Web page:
This year summer started to creep back into that old gal it used to be, salsa dancing back into our hearts and shimmying right back into the thin cotton dresses that hung loosely on the body. There’s an air conditioner in the future too. No more lying on cool tiles (unless you’re hungover). There was that night after burning hot tacos (‘it tastes like burning!’), where, laden with tequila, gin, pizza and frozen margaritas, we left the last bar at 3am only to find ourselves in cabs headed east to a harbourside beach closed off by a half circle jetty and with a floating platoon in the middle for jumping off. We stripped bare and ran into the cold water, letting it sober us up enough to remember how the hell the night went. There’s nothing like this, I remember thinking, nothing like an ocean all to yourself, waking your heart up with a few splashes.
Then a voice calls out from the shore.
‘Girls, I need you to come out of the water’
‘Who the hell is that guy?’
‘I’m the police’.
Abated with bashfulness, my best buddy and I paddled a little closer while the other two female comrades were standing on the tip of the platoon, half preparing to dive towards the shore, half ready to turn the other way and escape to the ocean. I heard one whisper,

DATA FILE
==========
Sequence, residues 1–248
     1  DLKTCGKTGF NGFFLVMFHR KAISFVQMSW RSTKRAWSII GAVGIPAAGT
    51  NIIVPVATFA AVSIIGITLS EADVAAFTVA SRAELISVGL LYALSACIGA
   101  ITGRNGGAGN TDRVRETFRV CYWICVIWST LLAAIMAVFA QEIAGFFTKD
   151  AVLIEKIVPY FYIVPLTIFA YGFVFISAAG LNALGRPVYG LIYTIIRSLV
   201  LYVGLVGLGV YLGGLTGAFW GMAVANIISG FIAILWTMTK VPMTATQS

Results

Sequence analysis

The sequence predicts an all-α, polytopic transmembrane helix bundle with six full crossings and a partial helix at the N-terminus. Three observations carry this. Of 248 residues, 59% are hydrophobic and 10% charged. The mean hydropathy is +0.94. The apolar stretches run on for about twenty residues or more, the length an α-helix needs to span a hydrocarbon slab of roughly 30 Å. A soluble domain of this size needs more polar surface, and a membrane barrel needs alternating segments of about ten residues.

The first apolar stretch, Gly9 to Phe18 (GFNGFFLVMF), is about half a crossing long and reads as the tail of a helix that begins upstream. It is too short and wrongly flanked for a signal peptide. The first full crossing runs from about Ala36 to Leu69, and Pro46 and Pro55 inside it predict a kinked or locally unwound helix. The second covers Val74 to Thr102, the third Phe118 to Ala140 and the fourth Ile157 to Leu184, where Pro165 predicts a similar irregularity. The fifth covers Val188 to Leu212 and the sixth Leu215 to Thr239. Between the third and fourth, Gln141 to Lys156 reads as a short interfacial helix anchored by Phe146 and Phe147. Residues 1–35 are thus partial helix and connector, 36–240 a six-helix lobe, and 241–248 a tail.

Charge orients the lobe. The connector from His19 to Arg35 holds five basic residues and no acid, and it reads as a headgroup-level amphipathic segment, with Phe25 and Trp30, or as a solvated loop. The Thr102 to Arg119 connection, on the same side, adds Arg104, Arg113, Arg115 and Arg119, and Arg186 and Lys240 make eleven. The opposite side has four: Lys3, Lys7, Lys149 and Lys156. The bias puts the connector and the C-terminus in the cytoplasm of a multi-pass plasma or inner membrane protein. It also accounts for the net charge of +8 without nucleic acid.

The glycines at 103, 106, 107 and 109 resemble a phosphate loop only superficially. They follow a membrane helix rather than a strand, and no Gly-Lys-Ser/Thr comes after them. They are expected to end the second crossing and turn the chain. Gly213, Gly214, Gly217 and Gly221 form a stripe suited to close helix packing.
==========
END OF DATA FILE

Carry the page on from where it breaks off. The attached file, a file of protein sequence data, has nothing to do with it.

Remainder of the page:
‘Do we jump or dive? Or slide in gracefully?’
The police officer explained in an amused tone that we could keep swimming, we just needed to keep the noise down because of the residents. He said he wished that he could have been swimming with us instead of telling us to keep quiet but alas, he could not. There there, sweet man of the blue uniform, I’m sure our paths will cross again some day soon. Remember our naive and joyful cries then!
And so we went and dived and splashed into the darkness, more subdued this time, feigning quiet, feeling the heaviness sink to the bottom and the lightness lifting us up.
Drying off the next day and then recovering with a two day hangover, I accompanied the loveliest boy to the Moonlight Cinema to see The Master, (it was masterful). Every now and again you could see the fireflies dancing across the screen and in our vision. Bats flew overhead and the fresh air was sublime.